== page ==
In your writing of this concept, I see echoes of disability. Disabled bodies are natural. We are also unpredictable, as nature is. We do not submit well to clock time or capitalist ablist white supremacy under its present form. Queer people of color who are bridges reach a moment where we say, enough, and retreat. My queer woman of color chronically ill body has its own schedule. Like the tides of our bodies- our sick, in pain, in less pain bodies that resist a boxed-in life that an ablist world demands.
Queer people of color never say we are disabled if we have any choice about it. We come from famillies who believe in being tough, in sucking it up. We can't afford to take days off work. We do not want any more identities than we already have to wrestle with. Our bodies already seen as tough, monster, angry, seductive, incompetent- how can we admit weakness, vulnerability, interdependence and we still keep our jobs, our perch on the “thin edge of barbwire” we live on? Why would we join crips in the mainstream disability rights movement dominated by white people? What would we get out of it?
The question I ask is: How do we claim this body broken beautiful as not a liability but a gift? To know that interdependence is what has saved us time and time again- as queers and trans people, people of color, women, broke folks. how my lovers and friends help each other survive- passing $20 back and forth across the movement, driving me to groceries when I can't make it down the stairs. How do we say that my hurting body in bed sucks and is also a beautiful ability to write for hours because I can't hold down a 9-5 even if I wanted to?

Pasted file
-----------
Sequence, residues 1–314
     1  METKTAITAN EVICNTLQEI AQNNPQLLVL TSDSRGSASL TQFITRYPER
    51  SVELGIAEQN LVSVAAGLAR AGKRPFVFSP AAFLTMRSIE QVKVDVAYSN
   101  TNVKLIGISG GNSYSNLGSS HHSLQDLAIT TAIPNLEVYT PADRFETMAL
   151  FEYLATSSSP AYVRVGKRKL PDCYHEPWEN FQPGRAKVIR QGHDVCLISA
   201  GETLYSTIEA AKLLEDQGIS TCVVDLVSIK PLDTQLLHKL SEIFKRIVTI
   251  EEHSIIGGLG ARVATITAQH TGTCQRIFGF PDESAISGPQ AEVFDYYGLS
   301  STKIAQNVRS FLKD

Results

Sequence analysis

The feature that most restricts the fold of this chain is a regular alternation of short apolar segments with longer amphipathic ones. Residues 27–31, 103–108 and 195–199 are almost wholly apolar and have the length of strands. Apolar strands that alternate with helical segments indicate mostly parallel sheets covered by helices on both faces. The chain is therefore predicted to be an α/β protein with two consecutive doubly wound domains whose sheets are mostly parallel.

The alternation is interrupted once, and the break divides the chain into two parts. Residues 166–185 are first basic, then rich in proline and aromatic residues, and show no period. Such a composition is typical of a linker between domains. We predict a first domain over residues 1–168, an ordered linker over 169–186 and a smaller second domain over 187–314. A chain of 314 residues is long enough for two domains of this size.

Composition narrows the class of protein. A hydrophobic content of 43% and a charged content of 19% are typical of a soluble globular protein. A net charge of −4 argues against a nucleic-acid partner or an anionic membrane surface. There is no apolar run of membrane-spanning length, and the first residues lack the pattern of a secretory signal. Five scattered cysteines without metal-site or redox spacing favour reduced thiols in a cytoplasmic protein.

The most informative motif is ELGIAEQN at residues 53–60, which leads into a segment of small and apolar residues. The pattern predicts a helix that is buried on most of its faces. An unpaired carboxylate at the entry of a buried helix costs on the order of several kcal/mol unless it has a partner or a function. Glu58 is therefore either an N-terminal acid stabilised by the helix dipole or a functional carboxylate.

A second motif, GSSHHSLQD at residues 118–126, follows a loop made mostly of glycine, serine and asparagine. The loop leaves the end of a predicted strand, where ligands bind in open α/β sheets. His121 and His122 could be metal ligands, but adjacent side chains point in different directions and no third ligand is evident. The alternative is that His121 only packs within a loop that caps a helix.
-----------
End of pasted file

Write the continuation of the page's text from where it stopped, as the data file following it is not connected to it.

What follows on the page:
And part of the beauty is our access dream time. time for the stories to grow. time that is not logical, rational, clock time, punch the clock time. At 35, I am surrounded by people who say, how do you have time to write those poems and stories, co-create those projects? how are you so productive? I am so productive because when my gut tells me to take a day off, i do. I lie. say i have a family emergency. Sometimes, often, my life is full of the work of survival and I dream. and I do what I am supposed to do. When I was a kid I knew that I was supposed to grow up and work a 9-5 job but i didn't ever understand quite how it would happen. I follow the words out my belly. I give in to the bed, to the dreams, to the long long sleeps and times curled up. the words curl close to me because of it. How can i say that being chronically ill is a gift? That maybe i would not have become a writer if i had not been too sick and tired to work? That I had to figure something else out? That my illness opens the door to write be in the nepantla place. takes me to the path of red and blank ink. to where the stories go.